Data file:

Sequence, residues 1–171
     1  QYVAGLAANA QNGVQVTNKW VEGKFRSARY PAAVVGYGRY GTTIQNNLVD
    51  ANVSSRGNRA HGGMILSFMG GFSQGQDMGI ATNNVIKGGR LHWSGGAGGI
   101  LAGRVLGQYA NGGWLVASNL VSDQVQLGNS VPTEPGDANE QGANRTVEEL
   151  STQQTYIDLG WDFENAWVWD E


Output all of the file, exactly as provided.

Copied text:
Sequence, residues 1–171
     1  QYVAGLAANA QNGVQVTNKW VEGKFRSARY PAAVVGYGRY GTTIQNNLVD
    51  ANVSSRGNRA HGGMILSFMG GFSQGQDMGI ATNNVIKGGR LHWSGGAGGI
   101  LAGRVLGQYA NGGWLVASNL VSDQVQLGNS VPTEPGDANE QGANRTVEEL
   151  STQQTYIDLG WDFENAWVWD E